• You and I are very simpatico when it comes to our views on coronavirus restrictions. Back in the Spring, I wrote a number of posts that were critical of lockdowns and other restrictions. Boy did I catch hell. I managed to agree to disagree with most of my detractors, but there was one dude who really unloaded on me, and continued to unload on me, no matter how hard I tried to be diplomatic. I finally ended up blocking him, which is something I very rarely do with any follower. I don’t mind when people disagree with me. In fact it can spice up a blog and make it fun. But that guy was very abusive.

      So you have Afib, also? I’m on the blood-thinner Eliquis, which is an expensive drug. Fortunately my insurance covers most of the cost. I’m also on Metoprolol, which is a beta blocker. It’s very inexpensive, thank goodness. Haven’t had a major episode since March, nor have I had a stroke, so I guess the Metoprolol and Eliquis is working.

      Bummer that you lost your insurance. I hope the meds you’re taking are effective.

      Yeah, it’s insane for people to be wearing masks outdoors in uncrowded areas. The virus is a serious concern, but I think that many people vastly overestimate it, and are living in paranoia.

      I too have had my fill of the lockdown nonsense.

      Liked by 1 person

      • I don’t have Afib. I used to have daily PACs (Premature Atrial Contractions…feels like a double beat) and I would have PVCs (Premature Ventricular Contractions) about three times a month. The PVCs are scary. They make my heart beat tachy, low in my chest, then, there is a resounding thump. They can make me light-headed. I wore a heart monitor for 48 hours back in 2010 and they pegged the funny beats. All I was offered was a beta-blocker and I refused. I lived with it for several years, then I started a magnesium therapy and they have eased off. I take no other drugs. It’s also been suggested that I have my gallbladder removed and I’ve refused that. I take supplements and changed my diet to make the gallbladder happy. I’ve been cut on enough times. No more unless it is an emergency.

        Any flu bug is a concern to those with compromised immune systems and/or co-morbidities. The flu kills tens of thousands every single year…year after year. But, the freak-out now? Hm. It ain’t the Spanish Flu (misnomer, anyway) and it sure as hell ain’t the Black Death that rolled around from the middle 1300s all the way to early 1900s with a couple of breakouts in 1995 & 2014. So, for the first time in modern history, the healthy are quarantined? Economies are shutdown worldwide? A nearly one-hundred year old malaria drug proven to help is now withheld? They are preparing to go after N-acetyl-cysteine (excellent for Tylenol overdoses), a precursor to glutathione?
        Why remove long-serving, helpful, existing drugs? Something else is going on and, a media ad campaign was needed to divert attention and frighten everyone.

        Things are about to get vewy, vewy intawesting… And, I will NOT be taking ANY vaccine.

        Liked by 1 person

        • I just read that magnesium can sometimes help at reducing PACs and PVCs. That’s great that it works for you.
          I don’t like taking a beta blocker, but I think it’s keeping me out of the ER, and that’s a place I want to stay away from.

          There does seem to be something fishy going on, and I’ll bet it can be traced to money. The malaria drug is cheap, but a newer medication could be damned expensive.
          I can understand your wariness about the vaccine. This is a rush job. I’ll probably let others go first and see how they fare. But I’m hoping that maybe we’ll have achieved herd immunity by the time a vaccine comes out.


          • Herd immunity? We are already there but, the main-scream-media won’t dare report any TRUE stats.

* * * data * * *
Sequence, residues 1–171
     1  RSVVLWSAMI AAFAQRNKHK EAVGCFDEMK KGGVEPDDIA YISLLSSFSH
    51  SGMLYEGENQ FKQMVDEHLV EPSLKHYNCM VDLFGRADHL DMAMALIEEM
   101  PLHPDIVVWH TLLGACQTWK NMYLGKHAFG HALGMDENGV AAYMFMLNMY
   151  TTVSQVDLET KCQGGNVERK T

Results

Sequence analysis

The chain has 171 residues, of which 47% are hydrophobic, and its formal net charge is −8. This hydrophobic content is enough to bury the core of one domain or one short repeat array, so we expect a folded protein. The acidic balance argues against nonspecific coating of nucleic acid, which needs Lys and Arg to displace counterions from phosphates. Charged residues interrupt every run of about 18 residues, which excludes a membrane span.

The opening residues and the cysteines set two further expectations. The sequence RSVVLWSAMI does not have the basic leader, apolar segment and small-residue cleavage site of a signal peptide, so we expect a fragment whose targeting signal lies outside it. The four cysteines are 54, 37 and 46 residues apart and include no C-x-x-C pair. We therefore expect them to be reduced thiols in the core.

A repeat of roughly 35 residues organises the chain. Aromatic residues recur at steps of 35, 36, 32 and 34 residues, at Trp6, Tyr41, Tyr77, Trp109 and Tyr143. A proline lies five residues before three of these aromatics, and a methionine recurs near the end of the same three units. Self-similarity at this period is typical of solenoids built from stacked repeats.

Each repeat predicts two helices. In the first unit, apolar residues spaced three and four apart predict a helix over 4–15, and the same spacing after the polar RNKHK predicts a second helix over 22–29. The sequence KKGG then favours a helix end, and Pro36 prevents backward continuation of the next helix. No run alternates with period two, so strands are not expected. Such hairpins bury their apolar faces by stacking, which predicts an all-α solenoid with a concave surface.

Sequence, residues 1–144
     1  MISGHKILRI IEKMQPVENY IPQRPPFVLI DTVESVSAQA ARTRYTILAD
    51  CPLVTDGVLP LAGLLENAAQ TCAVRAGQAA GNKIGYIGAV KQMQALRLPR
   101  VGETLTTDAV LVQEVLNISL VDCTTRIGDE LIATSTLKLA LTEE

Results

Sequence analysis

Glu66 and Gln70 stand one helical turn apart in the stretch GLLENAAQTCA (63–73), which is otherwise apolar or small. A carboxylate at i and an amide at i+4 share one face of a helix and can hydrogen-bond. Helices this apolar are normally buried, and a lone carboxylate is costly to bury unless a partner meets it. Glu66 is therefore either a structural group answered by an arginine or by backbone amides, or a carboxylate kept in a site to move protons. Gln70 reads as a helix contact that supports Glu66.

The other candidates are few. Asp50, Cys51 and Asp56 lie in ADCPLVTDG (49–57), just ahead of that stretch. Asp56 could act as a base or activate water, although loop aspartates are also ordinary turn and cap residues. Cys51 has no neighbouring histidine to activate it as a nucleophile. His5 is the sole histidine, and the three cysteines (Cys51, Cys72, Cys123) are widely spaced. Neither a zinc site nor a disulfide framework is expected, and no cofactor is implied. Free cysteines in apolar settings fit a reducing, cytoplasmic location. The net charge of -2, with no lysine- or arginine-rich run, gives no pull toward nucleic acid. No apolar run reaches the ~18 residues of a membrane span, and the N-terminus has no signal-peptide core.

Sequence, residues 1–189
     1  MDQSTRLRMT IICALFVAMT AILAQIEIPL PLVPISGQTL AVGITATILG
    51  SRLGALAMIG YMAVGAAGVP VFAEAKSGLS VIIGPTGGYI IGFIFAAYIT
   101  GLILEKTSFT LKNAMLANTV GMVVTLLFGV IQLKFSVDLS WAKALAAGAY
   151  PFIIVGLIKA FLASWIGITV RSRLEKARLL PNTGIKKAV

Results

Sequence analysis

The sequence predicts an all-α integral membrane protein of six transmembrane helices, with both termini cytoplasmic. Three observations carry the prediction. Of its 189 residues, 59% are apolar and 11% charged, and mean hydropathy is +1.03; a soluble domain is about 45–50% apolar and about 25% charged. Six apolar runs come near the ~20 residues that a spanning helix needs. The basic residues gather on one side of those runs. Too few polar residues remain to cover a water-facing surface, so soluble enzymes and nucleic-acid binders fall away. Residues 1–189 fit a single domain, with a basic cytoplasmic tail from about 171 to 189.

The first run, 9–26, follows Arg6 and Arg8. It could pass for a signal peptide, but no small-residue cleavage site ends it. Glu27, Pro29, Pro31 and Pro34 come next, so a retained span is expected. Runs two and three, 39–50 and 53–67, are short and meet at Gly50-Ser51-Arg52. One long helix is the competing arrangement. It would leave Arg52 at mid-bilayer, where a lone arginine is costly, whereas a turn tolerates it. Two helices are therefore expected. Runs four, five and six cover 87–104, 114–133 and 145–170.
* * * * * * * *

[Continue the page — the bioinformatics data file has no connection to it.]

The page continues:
I’m so sorry you have Afib. I have a friend with it…Navy/Seabee Gulf War veteran, not much older than I am. He has an implant to help him. I hate seeing him struggle with it.

            The reason I mentioned my gallbladder, above, is because an angry gallbladder can mess with your heart rhythm. My maternal GM had to have her gallbladder removed because it made her “heart cut-up” (her words). Mine is calm, now.

            HUGS for healing, my friend.

            Liked by 1 person

            • I’m not so sure we’re already at herd immunity, but the figures of late are showing a decline in cases, so I wonder if we’re close.

              Thanks. Afib can really affect one’s quality of life.

              Hmm, I don’t know if my gallbladder is in good shape or not. Interesting thing to consider, though.

              Thanks for your kind thoughts.

              Liked by 1 person

  7. that is the craziest doctor’s appointment I have ever heard of, and I appreciate your ability to look back on it with a sense of humor. I have had occasional afib for close to 30 years and have been cardioverted several times. For several years I was on a blood thinner, but I didn’t like the restrictions, so I finally found a cardiologist (an electrophysiologist) who said since I was low risk for stroke, I did not need to be on it. So for several years I was on no medication (and no caffeine for me either). After a couple of fainting incidents in the past couple of years, I was put on flecainide, and it seems to do the trick. I have had no afib incidents for a year and a half (I use to get a couple per year). My cardiologist has talked about a catheter ablation at some point in my future. I just had an appointment with my cardiologist, and it was in person, and except for everyone wearing a mask, it seemed like any other visit. I hope your cardiologist visit is better than your doctor’s visit!

    Liked by 2 people

  8. Sorry, Tippy. I just couldn’t find the humour in this. There were just so many things wrong with this situation that I found myself in a slow boil. I appreciate the precautions being taken right now, but that is no excuse for shoddy care … which is exactly what you experienced.

    … and that doesn’t even begin to touch on the breach of privacy by having a live camera on the room without giving you advance warning!!

    After an experience like this one, I would be looking for another doctor.

    Liked by 1 person

    • Yeah, it was shoddy, but if I can’t laugh I’ll give myself an ulcer.

      I think they need to put a warning sign in the room, about being on camera.

      Believe me, I’m contemplating another doctor. Right now I’m kind of tied to a specialist he referred me to, so I’m holding off for the moment. Also, in our little town there isn’t a wide selection of doctors to choose from, and the best seem to be mediocre physicians.

      Liked by 2 people